3-D Printed Axis & Allies Dice

Have you ever played Axis & Allies?

It's a great game, and it's one of Danger's favorites. There's just one teensy problem: combat is tedious. If you haven't played, here's an example of how you resolve a combat:

Attacker (2 battleships, a cruiser, an aircraft carrier and 2 fighters) Round 1:

  • Announce you're rolling for the battleships, roll 2 dice, count 4 or lower as a hit.
  • Announce you're rolling for the cruiser and fighters, roll 3 dice, 3 or lower is a hit.
  • Announce you're rolling for the carrier, roll a die. If it's a 2 or 1 that's a hit. 

Defender (3 destroyers and 3 submarines) Round 1:

  • Announce you're rolling for the destroyers, roll 3 dice. Anything that's a 2 or 1 is a hit.
  • Announce you're rolling for the subs, roll 3 dice. Count the 1's as hits.

It continues like this until combat is over. Like I said, tedious.

Luckily, Danger found a solution: special dice.

I see 4 battleships, 4 cruisers, 2 destroyers and 2 submarines.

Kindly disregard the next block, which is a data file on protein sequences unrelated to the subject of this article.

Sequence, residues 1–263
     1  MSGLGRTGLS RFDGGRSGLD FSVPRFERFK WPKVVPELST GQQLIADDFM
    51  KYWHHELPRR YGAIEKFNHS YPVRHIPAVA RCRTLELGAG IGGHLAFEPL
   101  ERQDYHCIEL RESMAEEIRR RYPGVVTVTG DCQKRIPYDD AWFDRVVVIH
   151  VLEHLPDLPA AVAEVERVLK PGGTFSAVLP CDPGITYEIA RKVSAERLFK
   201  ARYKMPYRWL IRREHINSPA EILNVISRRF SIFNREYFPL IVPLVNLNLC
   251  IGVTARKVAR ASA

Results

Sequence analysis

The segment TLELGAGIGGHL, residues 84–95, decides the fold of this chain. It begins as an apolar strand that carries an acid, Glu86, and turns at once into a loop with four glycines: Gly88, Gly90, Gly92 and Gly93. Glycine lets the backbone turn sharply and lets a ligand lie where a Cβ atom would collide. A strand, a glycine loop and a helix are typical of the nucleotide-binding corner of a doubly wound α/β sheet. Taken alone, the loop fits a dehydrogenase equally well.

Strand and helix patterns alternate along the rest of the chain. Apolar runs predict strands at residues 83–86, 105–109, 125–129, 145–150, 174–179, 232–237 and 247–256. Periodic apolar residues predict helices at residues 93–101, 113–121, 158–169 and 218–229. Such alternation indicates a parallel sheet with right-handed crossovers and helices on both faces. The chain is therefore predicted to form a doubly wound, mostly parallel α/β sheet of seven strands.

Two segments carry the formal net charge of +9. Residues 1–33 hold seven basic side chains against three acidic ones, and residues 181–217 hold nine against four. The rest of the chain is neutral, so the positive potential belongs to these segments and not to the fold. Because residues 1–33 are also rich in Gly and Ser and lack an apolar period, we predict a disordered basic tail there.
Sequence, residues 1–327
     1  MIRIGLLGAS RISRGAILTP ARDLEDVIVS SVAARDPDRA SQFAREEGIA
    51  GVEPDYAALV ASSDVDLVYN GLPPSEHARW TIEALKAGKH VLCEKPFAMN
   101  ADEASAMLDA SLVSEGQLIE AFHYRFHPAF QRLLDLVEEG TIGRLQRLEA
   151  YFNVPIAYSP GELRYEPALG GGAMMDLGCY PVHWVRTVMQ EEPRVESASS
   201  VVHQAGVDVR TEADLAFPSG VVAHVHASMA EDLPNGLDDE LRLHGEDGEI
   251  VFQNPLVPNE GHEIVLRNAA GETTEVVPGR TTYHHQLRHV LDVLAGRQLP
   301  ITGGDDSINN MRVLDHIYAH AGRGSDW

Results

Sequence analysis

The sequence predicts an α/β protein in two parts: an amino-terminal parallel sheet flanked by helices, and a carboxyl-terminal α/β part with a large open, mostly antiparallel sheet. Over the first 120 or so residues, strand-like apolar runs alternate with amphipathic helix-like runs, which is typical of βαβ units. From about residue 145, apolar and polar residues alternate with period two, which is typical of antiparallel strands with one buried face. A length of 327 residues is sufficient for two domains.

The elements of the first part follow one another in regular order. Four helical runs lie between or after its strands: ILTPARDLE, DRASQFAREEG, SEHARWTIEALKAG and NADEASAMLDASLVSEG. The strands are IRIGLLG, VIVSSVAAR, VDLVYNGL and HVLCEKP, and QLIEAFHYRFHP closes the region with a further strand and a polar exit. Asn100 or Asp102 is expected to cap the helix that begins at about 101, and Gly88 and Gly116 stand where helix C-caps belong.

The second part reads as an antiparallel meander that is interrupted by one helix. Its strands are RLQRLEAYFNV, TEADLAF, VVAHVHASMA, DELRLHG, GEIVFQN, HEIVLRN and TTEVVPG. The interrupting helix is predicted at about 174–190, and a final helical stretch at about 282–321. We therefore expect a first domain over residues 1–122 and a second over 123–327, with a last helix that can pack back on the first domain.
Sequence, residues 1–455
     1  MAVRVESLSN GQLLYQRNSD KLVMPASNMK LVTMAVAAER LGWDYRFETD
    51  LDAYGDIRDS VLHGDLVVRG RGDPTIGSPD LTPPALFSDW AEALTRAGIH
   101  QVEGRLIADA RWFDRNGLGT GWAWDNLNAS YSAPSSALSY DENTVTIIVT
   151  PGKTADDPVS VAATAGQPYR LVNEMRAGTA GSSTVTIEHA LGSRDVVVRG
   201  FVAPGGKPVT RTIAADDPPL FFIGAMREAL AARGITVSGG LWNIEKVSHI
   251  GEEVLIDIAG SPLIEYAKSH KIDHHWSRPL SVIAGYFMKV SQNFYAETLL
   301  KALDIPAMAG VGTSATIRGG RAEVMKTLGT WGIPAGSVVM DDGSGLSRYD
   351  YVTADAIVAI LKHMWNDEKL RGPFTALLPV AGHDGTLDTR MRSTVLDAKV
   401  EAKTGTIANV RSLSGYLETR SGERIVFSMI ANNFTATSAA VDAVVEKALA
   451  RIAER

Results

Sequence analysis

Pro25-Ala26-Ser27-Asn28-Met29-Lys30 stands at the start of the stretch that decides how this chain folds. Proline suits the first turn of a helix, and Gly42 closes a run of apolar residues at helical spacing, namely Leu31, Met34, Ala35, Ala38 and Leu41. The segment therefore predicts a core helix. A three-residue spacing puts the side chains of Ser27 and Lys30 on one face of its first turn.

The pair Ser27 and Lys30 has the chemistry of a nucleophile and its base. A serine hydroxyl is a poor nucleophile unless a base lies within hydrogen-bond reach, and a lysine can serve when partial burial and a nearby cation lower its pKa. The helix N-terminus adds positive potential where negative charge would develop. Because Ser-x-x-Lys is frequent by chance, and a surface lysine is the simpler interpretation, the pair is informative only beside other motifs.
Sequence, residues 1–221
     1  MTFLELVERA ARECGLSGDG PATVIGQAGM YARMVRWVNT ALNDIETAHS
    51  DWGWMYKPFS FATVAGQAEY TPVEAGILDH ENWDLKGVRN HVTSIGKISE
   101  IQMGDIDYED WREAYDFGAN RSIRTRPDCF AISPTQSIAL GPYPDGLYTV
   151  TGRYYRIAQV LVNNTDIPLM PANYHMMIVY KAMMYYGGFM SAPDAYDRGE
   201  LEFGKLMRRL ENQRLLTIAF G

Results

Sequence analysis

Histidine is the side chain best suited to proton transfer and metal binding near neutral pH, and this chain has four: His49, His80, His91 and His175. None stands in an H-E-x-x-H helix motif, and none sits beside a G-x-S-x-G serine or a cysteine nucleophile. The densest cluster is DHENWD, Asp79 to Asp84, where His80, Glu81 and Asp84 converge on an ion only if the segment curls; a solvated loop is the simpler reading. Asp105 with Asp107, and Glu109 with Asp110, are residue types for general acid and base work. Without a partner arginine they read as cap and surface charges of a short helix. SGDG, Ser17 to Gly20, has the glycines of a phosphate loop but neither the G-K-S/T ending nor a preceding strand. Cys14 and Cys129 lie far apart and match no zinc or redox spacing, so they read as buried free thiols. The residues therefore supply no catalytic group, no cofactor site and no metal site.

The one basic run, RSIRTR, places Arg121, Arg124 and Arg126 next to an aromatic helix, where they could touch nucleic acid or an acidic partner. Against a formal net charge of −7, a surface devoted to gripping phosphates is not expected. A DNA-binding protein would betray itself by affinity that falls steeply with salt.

I see 4 battleships, 4 cruisers, 2 destroyers and 2 submarines.

Each die attacks at a different level. The die will show a skull for a hit and a slashed circle for a miss. The gray dice have 4 skulls, red have 3 skulls, black have 2, and white have 1.

Now, let's picture that same round:

The attacker picks up 2 gray dice, 3 red dice, and a black die, rolls them all and counts the skulls.

The defender rolls 3 black dice and 3 white dice and counts the skulls.

Danger designed the prototype die. It's a truncated sphere with 6 faces. Each side has its skull or slash recessed into it. I was worried it would be hard to read, but it isn't a problem at all.

We played a game and I was really surprised how much it improves the combat rolling.

I put the dice up on ShapeWays. I bought a set of 5 each. It set me back... uh... well... quite a bit of cash, but it was a fun project and it really does make the game more enjoyable.